James M. Cain may be rightly considered the literary backbone of film noir, with his novels The Postman Always Rings Twice (1934), Double Indemnity (1936), and Mildred Pierce (1941) providing the source material for three of the most iconic noir movies of the 1940s. While Tay Garnett's 1946 film of The Postman Always Rings Twice lacks the distinctive qualities of other Cain adaptations, it is in some ways the most essential, with its story of adultery and murder forming the most simple and oft-repeated trope of the genre.
John Garfield stars as Frank, a spirited drifter who doesn't plan to stay long at the isolated seaside inn owned by genial Nick Smith (Cecil Kellaway), but then he gets a look at Nick's mismatched younger wife, Cora (Lana Turner). After some hostile flirting, Frank and Cora get cozy and hatch a plan to kill Nick, and... as usual in noir, plans rarely work out as expected, and in The Postman Always Rings Twice, little mishaps and twists of fortune have a way of reverberating in the most inconvenient and ironic ways.
Although Postman was Cain's first novel, its first Hollywood adaptation came rather later in the noir cycle (due to studio fears of its subject matter drawing the ire of Hays Code censors), making its vanilla noir plot feel like an unexceptional retread rather than a pioneering template. However, the spirited cast lifts the sometimes saggy content as much as possible. Garfield has a scrappy edge that sets him apart from the slick, deep-voiced Hollywood archetype and Turner is startlingly modern, keeping her cold but raging desires coiled inside a tight veneer of control. As long as Frank and Cora are falling in lust and plotting murders, Postman is a sharp low-key noir; but whenever they are dealing adversarially with each other and the legal system, the hackneyed nature of the script overwhelms them, from its absurd courtroom surprises to the use of the dull-edged title metaphor.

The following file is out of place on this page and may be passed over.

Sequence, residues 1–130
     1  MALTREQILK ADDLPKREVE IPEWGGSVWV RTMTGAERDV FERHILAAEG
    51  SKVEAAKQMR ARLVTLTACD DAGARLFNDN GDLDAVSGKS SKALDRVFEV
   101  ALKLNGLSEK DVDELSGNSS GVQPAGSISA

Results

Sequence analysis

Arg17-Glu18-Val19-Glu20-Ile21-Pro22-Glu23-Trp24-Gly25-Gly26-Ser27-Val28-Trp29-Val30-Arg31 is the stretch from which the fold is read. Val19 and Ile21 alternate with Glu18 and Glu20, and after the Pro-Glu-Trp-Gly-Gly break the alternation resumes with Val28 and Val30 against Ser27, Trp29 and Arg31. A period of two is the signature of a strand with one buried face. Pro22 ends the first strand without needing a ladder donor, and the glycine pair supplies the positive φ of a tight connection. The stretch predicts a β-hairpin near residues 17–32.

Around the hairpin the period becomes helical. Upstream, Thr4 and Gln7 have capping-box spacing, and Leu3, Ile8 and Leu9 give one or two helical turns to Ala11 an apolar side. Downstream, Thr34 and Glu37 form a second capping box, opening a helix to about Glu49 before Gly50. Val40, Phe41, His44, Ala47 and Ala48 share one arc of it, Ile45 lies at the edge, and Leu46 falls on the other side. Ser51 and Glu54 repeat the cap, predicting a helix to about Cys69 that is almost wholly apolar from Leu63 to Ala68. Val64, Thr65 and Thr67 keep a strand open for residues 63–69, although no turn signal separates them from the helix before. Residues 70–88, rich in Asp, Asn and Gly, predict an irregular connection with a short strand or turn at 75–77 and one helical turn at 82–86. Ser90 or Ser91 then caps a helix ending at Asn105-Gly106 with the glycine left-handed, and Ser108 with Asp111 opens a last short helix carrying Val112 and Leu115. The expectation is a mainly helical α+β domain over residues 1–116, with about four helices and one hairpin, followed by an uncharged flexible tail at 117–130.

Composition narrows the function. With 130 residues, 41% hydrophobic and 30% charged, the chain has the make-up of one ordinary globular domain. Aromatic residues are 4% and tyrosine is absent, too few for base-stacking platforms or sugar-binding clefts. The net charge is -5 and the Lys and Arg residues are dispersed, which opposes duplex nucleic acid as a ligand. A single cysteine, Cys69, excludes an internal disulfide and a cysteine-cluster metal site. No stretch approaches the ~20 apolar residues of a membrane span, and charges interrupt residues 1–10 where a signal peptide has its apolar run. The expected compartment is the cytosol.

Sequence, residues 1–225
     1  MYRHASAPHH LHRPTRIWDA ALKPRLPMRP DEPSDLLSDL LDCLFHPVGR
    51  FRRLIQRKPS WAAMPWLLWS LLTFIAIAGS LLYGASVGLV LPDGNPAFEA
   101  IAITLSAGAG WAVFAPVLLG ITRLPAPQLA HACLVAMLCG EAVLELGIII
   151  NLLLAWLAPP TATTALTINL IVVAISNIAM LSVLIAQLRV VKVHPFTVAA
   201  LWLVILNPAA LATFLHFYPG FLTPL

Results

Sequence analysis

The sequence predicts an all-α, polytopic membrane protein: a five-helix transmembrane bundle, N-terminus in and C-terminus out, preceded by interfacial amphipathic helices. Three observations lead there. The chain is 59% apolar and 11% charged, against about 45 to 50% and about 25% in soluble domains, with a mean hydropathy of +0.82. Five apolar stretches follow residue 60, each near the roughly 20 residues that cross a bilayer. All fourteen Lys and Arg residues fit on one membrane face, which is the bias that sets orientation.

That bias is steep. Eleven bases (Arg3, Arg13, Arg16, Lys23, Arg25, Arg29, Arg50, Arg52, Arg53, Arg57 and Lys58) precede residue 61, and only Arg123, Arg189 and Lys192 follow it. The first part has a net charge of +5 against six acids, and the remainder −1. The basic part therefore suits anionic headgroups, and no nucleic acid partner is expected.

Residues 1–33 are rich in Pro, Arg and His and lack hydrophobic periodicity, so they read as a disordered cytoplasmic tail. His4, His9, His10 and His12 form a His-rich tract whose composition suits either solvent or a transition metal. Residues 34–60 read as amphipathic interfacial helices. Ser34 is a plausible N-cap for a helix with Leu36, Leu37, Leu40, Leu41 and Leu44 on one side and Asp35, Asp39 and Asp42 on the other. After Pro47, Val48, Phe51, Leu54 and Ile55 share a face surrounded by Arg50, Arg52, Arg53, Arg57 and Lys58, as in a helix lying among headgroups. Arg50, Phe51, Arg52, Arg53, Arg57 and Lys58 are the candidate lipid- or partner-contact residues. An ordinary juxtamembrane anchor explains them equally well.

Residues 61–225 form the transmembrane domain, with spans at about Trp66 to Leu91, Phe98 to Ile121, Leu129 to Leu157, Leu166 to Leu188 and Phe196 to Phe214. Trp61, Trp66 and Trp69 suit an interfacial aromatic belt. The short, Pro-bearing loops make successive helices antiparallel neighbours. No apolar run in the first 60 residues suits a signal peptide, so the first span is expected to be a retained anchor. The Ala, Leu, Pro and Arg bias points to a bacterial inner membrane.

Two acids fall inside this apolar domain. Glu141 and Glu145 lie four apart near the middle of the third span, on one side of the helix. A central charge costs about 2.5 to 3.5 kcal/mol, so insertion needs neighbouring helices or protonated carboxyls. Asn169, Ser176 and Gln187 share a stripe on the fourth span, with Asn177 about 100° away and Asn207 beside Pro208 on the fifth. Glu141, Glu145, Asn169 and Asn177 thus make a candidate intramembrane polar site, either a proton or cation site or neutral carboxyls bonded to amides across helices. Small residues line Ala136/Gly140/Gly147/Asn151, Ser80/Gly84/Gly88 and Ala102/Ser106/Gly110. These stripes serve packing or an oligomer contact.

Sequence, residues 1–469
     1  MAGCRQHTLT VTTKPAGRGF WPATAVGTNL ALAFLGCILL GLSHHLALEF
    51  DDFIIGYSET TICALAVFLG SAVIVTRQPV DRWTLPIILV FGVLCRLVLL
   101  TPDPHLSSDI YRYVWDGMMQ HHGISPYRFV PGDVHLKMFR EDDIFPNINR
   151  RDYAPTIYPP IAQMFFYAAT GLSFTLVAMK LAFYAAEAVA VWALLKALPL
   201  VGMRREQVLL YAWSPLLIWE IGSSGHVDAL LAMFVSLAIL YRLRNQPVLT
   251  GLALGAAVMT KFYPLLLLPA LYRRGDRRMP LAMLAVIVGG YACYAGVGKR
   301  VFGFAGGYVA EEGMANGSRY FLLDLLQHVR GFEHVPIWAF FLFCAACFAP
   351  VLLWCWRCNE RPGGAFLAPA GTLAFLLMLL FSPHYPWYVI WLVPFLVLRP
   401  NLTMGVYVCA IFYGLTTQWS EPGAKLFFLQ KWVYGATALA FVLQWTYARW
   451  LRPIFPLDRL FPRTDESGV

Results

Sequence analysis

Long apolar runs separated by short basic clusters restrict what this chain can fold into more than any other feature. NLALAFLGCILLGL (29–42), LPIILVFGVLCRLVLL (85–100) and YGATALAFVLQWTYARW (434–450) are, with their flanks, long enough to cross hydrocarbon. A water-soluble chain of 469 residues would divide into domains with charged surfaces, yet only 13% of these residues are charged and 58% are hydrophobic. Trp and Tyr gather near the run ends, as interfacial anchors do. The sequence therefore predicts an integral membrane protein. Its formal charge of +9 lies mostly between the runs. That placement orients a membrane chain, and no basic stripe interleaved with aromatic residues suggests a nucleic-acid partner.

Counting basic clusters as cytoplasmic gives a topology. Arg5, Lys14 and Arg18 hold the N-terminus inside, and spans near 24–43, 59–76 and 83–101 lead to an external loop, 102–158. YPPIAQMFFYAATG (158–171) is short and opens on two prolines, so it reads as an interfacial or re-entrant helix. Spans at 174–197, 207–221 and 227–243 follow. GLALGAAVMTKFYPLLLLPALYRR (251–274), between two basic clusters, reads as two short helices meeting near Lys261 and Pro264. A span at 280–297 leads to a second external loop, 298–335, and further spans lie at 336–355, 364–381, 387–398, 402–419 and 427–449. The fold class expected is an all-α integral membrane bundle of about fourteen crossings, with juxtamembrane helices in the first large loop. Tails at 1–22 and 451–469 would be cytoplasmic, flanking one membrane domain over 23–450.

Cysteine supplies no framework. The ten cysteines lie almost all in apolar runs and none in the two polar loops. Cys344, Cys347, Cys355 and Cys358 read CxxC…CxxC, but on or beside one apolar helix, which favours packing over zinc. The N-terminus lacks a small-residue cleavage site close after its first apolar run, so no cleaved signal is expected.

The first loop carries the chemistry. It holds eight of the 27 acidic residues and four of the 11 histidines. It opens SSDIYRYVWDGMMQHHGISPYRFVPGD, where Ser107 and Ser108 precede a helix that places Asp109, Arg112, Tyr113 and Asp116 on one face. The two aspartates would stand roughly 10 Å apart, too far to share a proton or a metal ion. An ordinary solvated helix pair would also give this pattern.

Director Garnett, who emerged from the silent era as a prolific screenwriter-turned-director, doesn't seem to have control over his material. Even though Sidney Wagner's black-and-white photography is vivid, Garnett can't seem to settle on tension or whimsy for the overall tone, undercutting what should be a suffocating sultry gloom, and Garnett errantly prioritizes whimsy over the story's darker humor potential. I mean, what kind of hard noir movie has straight-faced dialog like, "Cats don't know anything about electricity" without some sense of irony to it? Meanwhile, a burning hamburger is treated as the height of mapcap comedy. Where Turner is bracingly modern, Garnett seems stuck in an earlier, more innocent era, which is maybe why his film is unable to exploit her most essential quality. Turner plays Cora with deadly cool, but Garnett makes her too silly to embrace as a formidable femme fatale.
The Postman Always Rings Twice is just barely decent, on the strength of its cast, rather than exemplary, which feels like a massive underachievement given its pedigree and the longevity of its eventual cliches. I'm curious, however, to re-watch not only the 1981 Hollywood remake with Jack Nicholson and Jessica Lange, but a few of the foreign adaptations, including Luchino Visconti's Ossessione (1943).